The diaphragm – arguably, our most important muscle!

Are you aware of how you breathe and the effects it has on your health and wellbeing? Probably not. I say that because a vast majority of patients that come to see me for osteopathy have a dysfunctional breathing pattern and are unaware of it – but it’s often one of the first things I try to address.

A poor breathing pattern may lead to:

– Spinal pain and instability

– Nervous system dysfunction

– Hyperventilation syndrome

– Digestive problems

– Varicose veins and cellulite

– Sustained anxiety and panic attacks

Part of our nervous system – the autonomic nervous system (with two divisions – the sympathetic and the parasympathetic) is in control of our unconscious processes, i.e. heart rate, breathing and digestion. Fortunately, breathing can also be consciously controlled and therefore we can influence and change it.

What is functional breathing? We should predominantly use our diaphragm in restful breathing. If you watch a small child breathe you will notice that their abdomen expands and retracts when they are breathing in and out. There will be hardly any movement of the upper chest and the action is smooth, often with a small pause in between breaths.

Dysfunctional breathing occurs when we start to breathe through our upper chest, recruiting neck muscles that attach into our upper ribs and the diaphragm is less activated. These “accessory” muscles are normally recruited when we need a boost of oxygen i.e. exercise or when faced with a stressful situation. Part of the accessory muscles role is to help expand the chest cavity for that extra uptake of oxygen. This is useful and necessary in certain situations, but very often this breathing pattern becomes chronic leading to unhelpful changes in the musculoskeletal and respiratory systems.

Why should we use our diaphragm more?

When we ‘upper chest breathe’ we overwork our accessory muscles which become tight and shortened – this may lead to neck pain, trigger points and headaches. In severe cases restriction may lead to irritation of the nerves from the neck supplying the arms.

A tight and underactive diaphragm may cause restriction and pain in the mid back and lower ribs through its strong tendon and fascial connections. The diaphragm is also integral to stabilising the core it helps to coordinate breathing with appropriate support to the spine when we move.

Upper chest breathing very often leads to a degree of hyperventilation. When this occurs, too much carbon-dioxide (CO2) is exhaled leading to biochemical changes within the blood. One of the first reactions to this is a constriction of blood vessels and reduction of blood flow to the brain. A result of this is decreased motor skill control, increased agitation and a lower threshold for pain– people often experience tingling and numbness which they confuse for something more serious.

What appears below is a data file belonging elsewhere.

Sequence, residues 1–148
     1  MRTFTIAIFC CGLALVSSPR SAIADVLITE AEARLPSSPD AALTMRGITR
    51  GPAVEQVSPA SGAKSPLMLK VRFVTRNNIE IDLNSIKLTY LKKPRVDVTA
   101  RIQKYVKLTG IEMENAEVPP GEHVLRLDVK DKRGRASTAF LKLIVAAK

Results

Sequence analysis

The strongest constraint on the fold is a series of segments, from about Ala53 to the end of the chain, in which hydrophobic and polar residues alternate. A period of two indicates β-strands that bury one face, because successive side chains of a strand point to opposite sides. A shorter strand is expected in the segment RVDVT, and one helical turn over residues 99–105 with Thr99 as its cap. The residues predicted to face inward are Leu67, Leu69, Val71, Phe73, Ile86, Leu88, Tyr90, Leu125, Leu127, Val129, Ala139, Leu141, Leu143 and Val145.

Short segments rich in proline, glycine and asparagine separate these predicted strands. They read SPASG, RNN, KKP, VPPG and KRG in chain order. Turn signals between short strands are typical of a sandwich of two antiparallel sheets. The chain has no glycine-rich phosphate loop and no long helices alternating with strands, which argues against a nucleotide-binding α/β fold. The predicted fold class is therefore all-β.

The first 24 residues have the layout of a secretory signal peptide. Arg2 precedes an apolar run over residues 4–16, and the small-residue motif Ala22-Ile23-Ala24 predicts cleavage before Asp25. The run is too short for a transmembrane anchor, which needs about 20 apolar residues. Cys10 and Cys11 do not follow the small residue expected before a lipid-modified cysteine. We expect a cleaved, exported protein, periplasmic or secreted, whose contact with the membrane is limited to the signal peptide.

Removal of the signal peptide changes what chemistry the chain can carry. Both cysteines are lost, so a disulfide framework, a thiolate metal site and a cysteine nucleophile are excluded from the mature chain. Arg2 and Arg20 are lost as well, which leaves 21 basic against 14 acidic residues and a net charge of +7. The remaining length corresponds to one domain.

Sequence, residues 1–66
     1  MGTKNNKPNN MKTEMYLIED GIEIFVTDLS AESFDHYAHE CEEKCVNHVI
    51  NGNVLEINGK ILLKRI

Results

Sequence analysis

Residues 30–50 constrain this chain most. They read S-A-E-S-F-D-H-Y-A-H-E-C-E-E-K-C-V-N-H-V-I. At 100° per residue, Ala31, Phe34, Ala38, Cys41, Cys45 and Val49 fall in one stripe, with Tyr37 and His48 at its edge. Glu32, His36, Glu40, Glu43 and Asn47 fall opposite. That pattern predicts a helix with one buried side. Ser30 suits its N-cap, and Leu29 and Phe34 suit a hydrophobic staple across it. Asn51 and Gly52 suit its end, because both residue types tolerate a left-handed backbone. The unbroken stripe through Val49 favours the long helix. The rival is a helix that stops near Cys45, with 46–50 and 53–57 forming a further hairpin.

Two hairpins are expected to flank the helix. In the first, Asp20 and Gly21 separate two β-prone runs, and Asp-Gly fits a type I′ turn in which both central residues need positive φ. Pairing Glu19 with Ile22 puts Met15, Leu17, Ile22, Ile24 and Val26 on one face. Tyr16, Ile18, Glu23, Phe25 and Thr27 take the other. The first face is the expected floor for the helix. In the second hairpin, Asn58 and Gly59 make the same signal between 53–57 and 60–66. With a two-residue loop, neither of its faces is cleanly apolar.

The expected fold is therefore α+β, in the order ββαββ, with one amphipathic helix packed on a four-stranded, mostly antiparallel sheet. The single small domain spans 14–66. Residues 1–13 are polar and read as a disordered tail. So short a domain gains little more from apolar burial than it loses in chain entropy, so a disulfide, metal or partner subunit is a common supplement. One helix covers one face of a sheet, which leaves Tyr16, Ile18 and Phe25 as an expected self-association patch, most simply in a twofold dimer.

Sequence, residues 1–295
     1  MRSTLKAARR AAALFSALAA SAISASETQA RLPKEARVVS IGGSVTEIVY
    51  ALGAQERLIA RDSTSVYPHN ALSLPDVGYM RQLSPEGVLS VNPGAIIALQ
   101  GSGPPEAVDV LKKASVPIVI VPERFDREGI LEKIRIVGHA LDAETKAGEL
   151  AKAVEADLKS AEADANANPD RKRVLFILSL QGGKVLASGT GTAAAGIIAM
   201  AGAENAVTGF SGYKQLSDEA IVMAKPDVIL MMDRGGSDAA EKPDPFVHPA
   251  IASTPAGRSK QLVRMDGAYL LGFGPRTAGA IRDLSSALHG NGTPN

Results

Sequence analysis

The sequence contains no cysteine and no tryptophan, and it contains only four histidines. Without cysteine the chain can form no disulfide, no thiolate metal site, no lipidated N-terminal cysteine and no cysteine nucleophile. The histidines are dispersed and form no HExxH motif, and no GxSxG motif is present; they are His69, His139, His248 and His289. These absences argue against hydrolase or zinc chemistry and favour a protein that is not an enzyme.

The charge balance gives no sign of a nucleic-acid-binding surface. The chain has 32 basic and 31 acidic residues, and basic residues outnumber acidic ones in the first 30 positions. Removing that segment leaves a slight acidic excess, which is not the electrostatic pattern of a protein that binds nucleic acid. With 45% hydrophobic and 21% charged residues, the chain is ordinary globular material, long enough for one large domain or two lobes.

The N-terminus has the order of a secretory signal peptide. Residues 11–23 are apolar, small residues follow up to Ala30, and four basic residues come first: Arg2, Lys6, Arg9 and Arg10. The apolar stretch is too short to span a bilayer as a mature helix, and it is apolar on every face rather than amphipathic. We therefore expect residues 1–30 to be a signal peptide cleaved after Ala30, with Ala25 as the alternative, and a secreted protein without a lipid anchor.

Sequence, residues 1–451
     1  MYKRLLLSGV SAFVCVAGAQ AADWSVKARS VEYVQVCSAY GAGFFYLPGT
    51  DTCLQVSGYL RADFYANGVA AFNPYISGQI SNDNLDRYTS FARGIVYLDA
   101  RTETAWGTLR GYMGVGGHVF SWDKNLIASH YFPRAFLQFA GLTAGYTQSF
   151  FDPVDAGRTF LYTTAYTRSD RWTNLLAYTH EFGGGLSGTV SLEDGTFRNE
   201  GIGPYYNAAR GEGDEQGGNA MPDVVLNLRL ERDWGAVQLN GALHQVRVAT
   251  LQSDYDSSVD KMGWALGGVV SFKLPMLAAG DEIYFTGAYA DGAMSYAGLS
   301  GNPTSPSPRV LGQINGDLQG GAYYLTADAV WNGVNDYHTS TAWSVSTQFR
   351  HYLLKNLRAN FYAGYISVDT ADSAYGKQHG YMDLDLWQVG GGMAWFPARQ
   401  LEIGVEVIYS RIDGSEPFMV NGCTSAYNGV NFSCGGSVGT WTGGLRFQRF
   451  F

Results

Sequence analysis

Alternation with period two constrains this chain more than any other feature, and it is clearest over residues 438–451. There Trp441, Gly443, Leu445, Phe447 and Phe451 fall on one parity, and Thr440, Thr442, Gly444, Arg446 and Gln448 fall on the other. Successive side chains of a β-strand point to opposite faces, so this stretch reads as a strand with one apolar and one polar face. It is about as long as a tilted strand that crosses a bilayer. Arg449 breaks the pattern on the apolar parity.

Digestive processes are influenced in two ways; firstly, digestion is controlled by the parasympathetic nervous system which is switched on by abdominal breathing and secondly, movement of the diaphragm massages the digestive organs and improves function therefore avoiding sluggish bowel, irritable bowel syndrome and other digestive disorders such as reflux.

With each ‘in’ breathe the diaphragm contracts and moves down, then relaxes and moves up again. This pump action helps blood and lymphatic fluid under low pressure from the lower extremities, travel back to the heart and lungs. All of which aides the cardiovascular system – helping to avoid congestion in the legs which may lead to varicose veins and cellulite.

Voluntary, slow deep breathing functionally resets the autonomic nervous system by stretch receptors in the diaphragm sending signals to the respiratory centre in the brain. The resetting activates the parasympathetic (inhibitory) activity and decreases sympathetic activity, thus slowing certain physiological processes, decreasing the effects of stress – improving physical and mental health.

Check your breathing pattern. Place one hand on your upper chest

and one hand on your abdomen. Is your upper chest moving more? Do you sigh or attempt to ‘catch’ your breath often? Are your breaths shallow? If yes to these questions, you may be upper chest breathing.

We can help with osteopathy by treating a tight diaphragm, neck muscles and restricted joints in the spine. Hypnotherapy is extremely effective for promoting strategies in dealing with stress, anxiety and any underlying causes for dysfunctional breathing. For advice on treatment, corrective breathing exercise or stress management strategies please don’t hesitate in giving us a call.

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